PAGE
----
B.C. polygamist leaders charged in case that will test ban on multiple marriage
VANCOUVER, B.C. – After decades of controversy and allegations, RCMP swept into the polygamous community of Bountiful, B.C., on Wednesday and arrested two sect leaders, including one who had bragged of multiple wives and dozens of children and all but dared police to stop him.
Winston Blackmore and James Oler – leaders of separate, divided factions in the community of about 1,000 people – were each charged with a single count of practising polygamy.
Blackmore is accused of having 20 wives and Oler two, and police say some of their wives were as young as 15 years old when they were married.
The arrest brought a dramatic end to almost 20 years of investigations and scrutiny, and the start of a criminal case that will test the limits of Canada’s prohibition of polygamy.
“We’ve always felt that there has been exploitation,” Attorney General Wally Oppal said Wednesday at a news conference in Vancouver.
“The question is whether under our laws we were in a position to proceed, and we have concluded that we are.”
Blackmore and Oler were released from custody in Cranbrook, B.C. on Wednesday under a number of conditions.
Both men must abstain from entering into or performing any celestial marriages.
They must also remain within B.C., surrender their passports to police, and report to the RCMP detachment in Creston twice a month.
Blackmore and Oler are scheduled to appear in provincial court in Creston on Jan. 21.
The RCMP had also recommended charges of sexual exploitation against the pair, but Oppal said because the age of consent was 14 years old until it was raised to 16 last year, prosecutors didn’t believe they could win a conviction.
The self-named community in the Creston Valley, not far from the U.S. border in southeastern B.C., is made up of members of the Fundamentalist Church of Jesus Christ of Latter Day Saints, a breakaway sect of the mainstream Mormon church.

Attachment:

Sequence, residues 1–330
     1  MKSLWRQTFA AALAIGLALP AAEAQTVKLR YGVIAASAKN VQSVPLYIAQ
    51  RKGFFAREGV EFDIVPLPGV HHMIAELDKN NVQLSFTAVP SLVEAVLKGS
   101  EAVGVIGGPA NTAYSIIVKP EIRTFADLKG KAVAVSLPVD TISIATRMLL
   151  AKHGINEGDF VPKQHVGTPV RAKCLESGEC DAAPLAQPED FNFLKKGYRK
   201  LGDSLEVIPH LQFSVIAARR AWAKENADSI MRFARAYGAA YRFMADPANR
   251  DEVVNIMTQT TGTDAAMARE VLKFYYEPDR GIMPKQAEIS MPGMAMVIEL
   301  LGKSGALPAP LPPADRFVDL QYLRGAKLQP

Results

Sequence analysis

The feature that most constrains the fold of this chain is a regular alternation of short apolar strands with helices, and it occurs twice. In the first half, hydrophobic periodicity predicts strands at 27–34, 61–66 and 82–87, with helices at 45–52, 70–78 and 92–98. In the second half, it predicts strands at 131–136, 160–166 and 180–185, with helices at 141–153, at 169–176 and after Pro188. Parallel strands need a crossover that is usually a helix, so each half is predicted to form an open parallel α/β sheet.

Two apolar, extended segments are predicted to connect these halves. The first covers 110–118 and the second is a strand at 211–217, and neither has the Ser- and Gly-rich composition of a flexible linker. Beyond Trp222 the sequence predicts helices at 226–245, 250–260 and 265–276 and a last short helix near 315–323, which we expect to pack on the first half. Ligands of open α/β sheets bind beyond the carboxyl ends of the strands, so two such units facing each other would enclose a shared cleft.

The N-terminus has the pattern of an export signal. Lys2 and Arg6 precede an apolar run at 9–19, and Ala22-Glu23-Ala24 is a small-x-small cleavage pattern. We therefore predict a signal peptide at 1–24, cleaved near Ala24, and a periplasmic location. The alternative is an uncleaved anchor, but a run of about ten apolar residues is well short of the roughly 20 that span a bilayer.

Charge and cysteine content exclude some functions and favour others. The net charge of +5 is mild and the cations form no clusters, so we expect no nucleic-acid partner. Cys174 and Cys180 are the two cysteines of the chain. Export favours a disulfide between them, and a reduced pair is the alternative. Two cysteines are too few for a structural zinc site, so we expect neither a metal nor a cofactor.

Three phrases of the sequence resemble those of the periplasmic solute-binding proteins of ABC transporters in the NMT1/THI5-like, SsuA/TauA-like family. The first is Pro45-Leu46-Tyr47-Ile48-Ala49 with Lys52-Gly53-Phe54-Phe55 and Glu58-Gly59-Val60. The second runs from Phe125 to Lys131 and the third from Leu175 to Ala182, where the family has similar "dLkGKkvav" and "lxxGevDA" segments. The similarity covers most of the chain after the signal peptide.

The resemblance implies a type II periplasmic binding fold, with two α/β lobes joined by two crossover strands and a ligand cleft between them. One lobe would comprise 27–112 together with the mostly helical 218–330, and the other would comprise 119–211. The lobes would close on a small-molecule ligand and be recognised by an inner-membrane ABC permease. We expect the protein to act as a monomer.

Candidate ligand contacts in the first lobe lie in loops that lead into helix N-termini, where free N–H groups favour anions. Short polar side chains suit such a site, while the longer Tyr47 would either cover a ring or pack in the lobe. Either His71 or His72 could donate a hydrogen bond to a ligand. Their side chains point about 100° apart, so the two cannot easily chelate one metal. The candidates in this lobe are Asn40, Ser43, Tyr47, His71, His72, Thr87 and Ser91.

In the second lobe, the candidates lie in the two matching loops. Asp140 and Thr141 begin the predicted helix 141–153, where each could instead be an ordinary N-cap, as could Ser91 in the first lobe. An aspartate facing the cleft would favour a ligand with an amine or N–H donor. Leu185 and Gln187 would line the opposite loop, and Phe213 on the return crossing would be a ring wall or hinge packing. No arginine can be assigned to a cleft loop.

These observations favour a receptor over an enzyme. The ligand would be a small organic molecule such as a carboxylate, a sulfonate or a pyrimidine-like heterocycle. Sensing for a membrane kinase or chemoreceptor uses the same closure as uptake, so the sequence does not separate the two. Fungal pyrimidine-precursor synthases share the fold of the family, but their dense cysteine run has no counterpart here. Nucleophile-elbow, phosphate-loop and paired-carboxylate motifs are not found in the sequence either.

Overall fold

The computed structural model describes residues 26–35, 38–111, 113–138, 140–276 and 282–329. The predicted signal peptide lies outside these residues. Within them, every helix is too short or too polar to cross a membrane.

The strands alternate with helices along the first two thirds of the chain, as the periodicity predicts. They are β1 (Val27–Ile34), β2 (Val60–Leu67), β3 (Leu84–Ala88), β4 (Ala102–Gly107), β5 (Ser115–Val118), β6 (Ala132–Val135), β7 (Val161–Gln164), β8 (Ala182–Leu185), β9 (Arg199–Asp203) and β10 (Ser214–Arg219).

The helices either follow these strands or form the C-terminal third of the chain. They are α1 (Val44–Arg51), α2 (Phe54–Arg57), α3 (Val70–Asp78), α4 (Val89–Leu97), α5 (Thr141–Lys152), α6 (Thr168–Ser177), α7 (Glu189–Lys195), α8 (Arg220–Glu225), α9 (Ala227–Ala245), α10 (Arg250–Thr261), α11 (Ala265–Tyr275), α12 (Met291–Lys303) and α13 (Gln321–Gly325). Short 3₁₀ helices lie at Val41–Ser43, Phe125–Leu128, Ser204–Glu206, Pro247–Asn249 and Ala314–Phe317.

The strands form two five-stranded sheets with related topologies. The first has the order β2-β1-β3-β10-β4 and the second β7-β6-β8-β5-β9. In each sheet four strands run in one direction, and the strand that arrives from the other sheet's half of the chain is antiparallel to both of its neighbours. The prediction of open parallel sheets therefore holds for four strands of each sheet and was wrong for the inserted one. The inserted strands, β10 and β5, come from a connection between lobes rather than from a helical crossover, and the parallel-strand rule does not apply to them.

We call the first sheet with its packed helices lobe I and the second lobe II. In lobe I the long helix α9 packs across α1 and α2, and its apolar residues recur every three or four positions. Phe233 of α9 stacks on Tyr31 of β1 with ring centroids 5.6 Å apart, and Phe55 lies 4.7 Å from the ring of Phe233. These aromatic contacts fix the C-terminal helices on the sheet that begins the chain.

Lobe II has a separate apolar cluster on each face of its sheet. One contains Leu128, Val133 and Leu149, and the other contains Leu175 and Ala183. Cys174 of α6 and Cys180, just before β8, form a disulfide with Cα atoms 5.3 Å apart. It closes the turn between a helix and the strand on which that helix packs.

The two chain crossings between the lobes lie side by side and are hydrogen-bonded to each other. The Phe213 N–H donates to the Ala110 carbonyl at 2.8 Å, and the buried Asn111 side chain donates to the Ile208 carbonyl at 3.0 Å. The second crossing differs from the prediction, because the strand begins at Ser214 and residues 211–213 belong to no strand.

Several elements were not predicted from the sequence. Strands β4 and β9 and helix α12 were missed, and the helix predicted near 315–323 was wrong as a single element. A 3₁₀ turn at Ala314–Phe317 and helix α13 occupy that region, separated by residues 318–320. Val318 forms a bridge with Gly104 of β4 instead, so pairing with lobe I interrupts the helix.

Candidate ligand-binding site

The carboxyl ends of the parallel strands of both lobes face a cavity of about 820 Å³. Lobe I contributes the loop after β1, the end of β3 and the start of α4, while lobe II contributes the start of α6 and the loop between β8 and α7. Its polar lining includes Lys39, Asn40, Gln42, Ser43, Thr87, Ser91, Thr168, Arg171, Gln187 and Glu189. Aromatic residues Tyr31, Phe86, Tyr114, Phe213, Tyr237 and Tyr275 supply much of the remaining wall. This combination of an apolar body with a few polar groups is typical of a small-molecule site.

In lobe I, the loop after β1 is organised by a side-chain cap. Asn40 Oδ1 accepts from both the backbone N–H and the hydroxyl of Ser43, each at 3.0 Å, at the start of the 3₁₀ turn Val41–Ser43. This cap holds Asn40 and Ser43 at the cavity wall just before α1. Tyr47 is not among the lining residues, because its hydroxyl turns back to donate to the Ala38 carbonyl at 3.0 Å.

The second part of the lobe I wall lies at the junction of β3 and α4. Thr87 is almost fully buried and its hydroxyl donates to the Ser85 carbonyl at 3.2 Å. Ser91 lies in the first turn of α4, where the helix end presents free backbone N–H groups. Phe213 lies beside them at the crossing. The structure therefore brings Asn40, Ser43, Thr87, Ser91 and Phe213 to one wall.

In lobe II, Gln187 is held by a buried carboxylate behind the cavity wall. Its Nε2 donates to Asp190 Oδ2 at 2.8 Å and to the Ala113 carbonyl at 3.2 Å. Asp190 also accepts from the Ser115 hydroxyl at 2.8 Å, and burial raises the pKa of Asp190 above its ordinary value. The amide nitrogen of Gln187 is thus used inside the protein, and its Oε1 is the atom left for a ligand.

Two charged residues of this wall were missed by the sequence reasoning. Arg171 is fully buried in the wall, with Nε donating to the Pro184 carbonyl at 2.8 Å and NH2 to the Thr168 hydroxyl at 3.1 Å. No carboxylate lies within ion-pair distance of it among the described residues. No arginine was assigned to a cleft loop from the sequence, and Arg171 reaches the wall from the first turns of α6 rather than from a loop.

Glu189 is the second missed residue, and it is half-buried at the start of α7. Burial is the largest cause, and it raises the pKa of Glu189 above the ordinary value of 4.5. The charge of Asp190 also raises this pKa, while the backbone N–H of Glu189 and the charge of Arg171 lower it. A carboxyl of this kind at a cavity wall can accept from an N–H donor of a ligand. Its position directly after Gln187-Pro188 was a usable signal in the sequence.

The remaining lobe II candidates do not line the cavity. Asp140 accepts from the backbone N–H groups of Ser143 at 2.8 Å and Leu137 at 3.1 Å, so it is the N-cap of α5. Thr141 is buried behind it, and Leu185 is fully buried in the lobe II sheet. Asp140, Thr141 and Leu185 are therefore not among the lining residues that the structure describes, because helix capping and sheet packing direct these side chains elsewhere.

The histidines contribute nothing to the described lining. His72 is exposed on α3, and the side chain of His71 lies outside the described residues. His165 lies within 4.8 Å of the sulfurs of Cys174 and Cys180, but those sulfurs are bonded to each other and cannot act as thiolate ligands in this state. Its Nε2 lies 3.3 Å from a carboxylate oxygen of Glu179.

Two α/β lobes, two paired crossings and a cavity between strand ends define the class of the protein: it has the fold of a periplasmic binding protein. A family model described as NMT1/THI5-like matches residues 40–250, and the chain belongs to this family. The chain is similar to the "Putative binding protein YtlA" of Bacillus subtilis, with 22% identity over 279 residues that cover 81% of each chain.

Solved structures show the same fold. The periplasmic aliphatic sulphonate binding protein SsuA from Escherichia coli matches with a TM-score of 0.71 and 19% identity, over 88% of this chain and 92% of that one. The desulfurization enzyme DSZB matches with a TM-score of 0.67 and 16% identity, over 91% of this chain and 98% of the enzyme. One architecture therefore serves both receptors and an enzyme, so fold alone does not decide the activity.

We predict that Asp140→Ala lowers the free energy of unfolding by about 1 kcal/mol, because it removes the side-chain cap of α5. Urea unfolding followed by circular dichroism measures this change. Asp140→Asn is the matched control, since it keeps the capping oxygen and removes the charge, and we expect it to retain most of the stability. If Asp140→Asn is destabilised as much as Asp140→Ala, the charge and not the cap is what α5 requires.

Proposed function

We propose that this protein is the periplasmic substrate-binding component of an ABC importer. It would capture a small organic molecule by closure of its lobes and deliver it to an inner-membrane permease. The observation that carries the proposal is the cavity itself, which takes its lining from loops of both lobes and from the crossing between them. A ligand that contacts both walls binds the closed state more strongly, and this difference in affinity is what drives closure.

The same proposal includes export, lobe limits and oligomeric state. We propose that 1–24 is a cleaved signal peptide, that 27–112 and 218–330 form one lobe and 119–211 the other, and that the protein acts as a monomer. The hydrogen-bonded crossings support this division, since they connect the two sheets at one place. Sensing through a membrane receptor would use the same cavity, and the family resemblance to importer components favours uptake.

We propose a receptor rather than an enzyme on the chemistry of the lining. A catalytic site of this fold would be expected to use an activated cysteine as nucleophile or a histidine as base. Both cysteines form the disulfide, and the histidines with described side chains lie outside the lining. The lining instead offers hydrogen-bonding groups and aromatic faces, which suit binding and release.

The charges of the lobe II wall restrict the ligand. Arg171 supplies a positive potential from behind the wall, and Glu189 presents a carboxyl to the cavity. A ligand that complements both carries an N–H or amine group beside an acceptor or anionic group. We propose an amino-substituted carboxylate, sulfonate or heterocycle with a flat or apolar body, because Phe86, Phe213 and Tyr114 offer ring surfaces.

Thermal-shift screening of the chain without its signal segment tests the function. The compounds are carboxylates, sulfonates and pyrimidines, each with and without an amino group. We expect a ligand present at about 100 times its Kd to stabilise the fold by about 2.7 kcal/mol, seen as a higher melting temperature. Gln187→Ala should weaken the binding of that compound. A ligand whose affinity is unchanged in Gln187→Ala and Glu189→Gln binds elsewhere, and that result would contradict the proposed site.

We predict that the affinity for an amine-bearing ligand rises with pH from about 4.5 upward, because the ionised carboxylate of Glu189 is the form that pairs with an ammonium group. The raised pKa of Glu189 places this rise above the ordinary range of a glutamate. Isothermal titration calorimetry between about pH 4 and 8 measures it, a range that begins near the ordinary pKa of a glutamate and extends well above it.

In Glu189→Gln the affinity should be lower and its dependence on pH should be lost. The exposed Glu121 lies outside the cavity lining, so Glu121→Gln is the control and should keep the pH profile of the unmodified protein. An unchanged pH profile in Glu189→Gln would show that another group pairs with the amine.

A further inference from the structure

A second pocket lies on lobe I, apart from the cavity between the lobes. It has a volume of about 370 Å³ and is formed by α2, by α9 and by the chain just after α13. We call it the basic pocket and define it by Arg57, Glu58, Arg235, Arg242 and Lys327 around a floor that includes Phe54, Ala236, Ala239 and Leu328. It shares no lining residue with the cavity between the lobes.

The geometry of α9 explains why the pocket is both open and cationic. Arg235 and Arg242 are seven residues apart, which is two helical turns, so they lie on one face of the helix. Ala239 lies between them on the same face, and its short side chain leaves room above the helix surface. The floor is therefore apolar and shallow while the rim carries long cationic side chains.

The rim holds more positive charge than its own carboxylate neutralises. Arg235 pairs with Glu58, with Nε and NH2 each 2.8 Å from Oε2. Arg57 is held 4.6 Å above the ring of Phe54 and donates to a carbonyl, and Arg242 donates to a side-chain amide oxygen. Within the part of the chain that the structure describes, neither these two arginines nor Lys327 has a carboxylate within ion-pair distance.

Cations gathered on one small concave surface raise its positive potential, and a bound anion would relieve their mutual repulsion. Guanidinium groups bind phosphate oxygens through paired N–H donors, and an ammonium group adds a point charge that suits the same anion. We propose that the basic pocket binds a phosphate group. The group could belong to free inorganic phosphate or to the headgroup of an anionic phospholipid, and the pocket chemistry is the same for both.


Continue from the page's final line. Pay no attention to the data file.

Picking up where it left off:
The mainstream church renounced the polygamy in 1890 but the fundamentalist sects have continued the practice, which they claim brings glorification in Heaven.
Nancy Mereska, whose Stop Polygamy campaign has long called for charges against Bountiful’s leaders, said the community shouldn’t be protected by the Charter of Rights and Freedoms.
“Polygamy is not a religious right; polygamy is a crime,” said Mereska, who lives in Two Hills, Alta.
“I believe that Canada has all the ammunition it needs to take this process all the way up to the Supreme Court and I believe that the Supreme Court of Canada will uphold the laws against polygamy.”
Alison Brewin, executive director of West Coast Legal Education and Action Fund, made up of lawyers and legal experts, said the lack of action in Bountiful has undermined women’s rights and set young women and girls up for exploitation.
“In the case of Bountiful, these vulnerabilities are reinforced by the closed nature of the community, including the control of information,” Brewin said in a statement.
Reaction is mixed to news of charges
Some anti-polygamists were jubilant at the charges laid yesterday but others were bitterly disappointed that B.C. officials chose not to proceed with sexual exploitation charges against Bountiful leaders.
“Now that the powers that be have taken the first step, I know that there will be those affected by polygamy who will come out of the woodwork,” said Nancy Mereska, co-ordinator of Stop Polygamy in Canada.
“It will be their voices that will help eradicate the practice of polygamy, not ours. What a victory!” Debbie Palmer, a former Bountiful resident related to both Winston Blackmore and James Oler, who each now face charges of practising polygamy, said Attorney-General Wally Oppal should be applauded but she feels the prosecution would have had a greater chance of success with charges of sexual exploitation.